Transpersonal Psychology of the Bhagavad Gita: Consciousness, Meditation, Work and Love
The narrative of the Gita is of significance as the figurative and metaphorical meanings of the physical war-field lead us to the mental war-field fuelled by conflicting emotions, unexpressed fears and the lack of a stable sense of identity. The mental conflict that humans face, since ancient times, between ‘what is right’ – dharma – (dharmakshetra) and ‘what is duty’ – kartavya – (kurukshetra) is poignantly presented in the opening lines of the Gita. The representation of Arjuna carries a global flag of mental crisis that is pan-cultural. Arjuna with his loud cries, shrouded fears and hypocritical desire for renunciation, presents a contemporary personality who is successful and efficient but with fragile and conflicting sense of identity and values.Ideas of consciousness, meditation, work and love in the Gita cannot be categorized exclusively as psychological, existential, or even pragmatic. With its penetrating style of dialogue and teaching the Gita gives a wholesome account for spiritual living. Such an account emphasizes the transpersonal nature of the Gita psychology. In Sri Aurobindo’s words, “The language of the Gita, the structure of thought, the combination and balancing of ideas belong neither to the temper of a sectarian teacher nor to the spirit of a rigorous analytical dialectics cutting off one angle of the truth to exclude all the others; but rather there is a wide, undulating, encircling movement of ideas which is the manifestation of a vast synthetic mind and a rich synthetic experience.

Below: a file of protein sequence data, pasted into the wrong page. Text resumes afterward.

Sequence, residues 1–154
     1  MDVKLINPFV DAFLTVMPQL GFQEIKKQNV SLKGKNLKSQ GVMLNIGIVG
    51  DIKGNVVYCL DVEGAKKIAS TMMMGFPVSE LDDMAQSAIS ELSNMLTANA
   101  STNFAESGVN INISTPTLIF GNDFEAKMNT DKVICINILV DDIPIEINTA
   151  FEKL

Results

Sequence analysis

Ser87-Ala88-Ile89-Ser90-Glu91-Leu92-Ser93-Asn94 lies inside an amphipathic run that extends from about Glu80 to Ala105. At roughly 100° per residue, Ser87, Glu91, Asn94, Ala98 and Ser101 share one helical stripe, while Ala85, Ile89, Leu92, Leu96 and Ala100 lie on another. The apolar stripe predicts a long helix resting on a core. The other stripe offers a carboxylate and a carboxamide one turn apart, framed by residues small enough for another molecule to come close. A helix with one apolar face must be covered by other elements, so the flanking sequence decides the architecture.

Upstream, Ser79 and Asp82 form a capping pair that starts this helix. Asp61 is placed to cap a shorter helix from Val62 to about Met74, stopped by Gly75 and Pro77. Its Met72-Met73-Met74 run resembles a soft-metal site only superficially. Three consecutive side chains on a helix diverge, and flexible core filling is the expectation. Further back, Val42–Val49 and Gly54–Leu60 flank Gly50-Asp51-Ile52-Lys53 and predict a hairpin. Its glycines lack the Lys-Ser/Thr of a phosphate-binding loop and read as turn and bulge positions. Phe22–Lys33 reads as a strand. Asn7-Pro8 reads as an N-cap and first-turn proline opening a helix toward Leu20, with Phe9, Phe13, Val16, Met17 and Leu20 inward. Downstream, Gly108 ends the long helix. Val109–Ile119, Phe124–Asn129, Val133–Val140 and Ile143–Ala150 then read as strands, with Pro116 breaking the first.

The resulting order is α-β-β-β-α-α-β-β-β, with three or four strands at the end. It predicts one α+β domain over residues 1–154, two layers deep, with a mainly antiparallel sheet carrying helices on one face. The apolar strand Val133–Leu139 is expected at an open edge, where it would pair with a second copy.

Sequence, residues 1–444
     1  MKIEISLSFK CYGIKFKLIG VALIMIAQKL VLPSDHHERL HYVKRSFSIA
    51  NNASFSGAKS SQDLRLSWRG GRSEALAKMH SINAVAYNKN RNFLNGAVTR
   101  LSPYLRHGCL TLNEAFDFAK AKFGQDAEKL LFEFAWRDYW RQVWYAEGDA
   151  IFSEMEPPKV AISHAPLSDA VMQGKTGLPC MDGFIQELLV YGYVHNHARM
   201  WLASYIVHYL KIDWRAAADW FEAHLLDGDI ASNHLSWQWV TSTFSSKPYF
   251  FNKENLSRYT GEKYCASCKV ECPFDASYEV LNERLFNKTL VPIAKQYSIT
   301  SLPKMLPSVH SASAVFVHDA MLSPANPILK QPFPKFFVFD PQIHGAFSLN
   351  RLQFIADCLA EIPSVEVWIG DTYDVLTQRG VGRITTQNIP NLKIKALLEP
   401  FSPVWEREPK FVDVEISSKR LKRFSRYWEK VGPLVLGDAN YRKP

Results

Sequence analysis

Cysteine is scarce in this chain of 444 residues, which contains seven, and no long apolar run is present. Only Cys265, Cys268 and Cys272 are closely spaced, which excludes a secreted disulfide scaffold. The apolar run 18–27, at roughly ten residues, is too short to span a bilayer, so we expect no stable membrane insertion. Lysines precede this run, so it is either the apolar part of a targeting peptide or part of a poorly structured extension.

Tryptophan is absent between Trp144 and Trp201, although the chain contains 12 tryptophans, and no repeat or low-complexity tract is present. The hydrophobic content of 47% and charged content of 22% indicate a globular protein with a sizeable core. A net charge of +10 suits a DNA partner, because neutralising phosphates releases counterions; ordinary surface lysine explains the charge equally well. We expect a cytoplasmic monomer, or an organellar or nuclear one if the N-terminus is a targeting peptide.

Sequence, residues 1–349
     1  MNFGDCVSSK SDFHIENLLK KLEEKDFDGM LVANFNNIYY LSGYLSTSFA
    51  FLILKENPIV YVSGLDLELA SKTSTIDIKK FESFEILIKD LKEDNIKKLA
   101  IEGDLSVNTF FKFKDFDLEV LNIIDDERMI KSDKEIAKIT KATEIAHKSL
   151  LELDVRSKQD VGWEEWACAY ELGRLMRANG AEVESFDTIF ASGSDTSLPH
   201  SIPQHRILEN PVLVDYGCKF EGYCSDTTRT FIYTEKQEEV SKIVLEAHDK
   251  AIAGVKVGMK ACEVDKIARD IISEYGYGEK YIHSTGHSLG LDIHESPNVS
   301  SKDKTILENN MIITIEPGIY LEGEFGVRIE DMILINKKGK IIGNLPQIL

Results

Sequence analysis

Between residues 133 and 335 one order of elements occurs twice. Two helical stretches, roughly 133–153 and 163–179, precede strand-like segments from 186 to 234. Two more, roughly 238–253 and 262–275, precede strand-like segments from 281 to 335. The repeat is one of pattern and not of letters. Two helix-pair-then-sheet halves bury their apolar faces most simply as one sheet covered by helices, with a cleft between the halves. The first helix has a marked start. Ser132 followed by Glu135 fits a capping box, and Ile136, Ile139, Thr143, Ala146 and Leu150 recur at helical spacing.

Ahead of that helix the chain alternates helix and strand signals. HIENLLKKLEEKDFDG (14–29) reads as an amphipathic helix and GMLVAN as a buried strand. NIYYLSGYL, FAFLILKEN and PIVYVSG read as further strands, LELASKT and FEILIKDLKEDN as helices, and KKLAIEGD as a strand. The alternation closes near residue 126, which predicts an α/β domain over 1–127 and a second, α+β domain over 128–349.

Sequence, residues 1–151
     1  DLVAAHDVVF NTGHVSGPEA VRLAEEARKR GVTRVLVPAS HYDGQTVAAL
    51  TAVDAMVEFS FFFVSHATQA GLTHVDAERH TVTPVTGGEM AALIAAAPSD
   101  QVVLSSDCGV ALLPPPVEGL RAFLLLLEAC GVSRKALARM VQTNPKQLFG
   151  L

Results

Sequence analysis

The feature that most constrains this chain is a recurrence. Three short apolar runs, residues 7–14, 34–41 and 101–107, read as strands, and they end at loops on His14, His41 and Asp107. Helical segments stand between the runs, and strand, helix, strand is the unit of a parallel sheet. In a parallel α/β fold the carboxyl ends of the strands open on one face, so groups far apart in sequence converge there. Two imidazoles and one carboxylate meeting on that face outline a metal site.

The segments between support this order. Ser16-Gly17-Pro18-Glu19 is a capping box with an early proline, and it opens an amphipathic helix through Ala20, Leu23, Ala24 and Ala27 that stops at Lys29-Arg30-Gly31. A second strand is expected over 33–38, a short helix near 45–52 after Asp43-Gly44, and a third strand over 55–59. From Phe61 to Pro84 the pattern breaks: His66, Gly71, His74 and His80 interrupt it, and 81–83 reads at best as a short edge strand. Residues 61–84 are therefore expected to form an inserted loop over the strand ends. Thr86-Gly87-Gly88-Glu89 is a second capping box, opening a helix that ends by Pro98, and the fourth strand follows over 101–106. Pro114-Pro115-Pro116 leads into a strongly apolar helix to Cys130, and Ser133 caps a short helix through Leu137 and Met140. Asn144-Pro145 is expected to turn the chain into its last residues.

More in: Menon, S. 2008, Transpersonal Psychology of the Bhagavad Gita: Consciousness, Meditation, Work and Love,
In: Handbook of Indian Psychology, Cambridge University Press, Eds. K Ramakrishna Rao, Anand Paranjpe and Ajit Dalal, pp186-216
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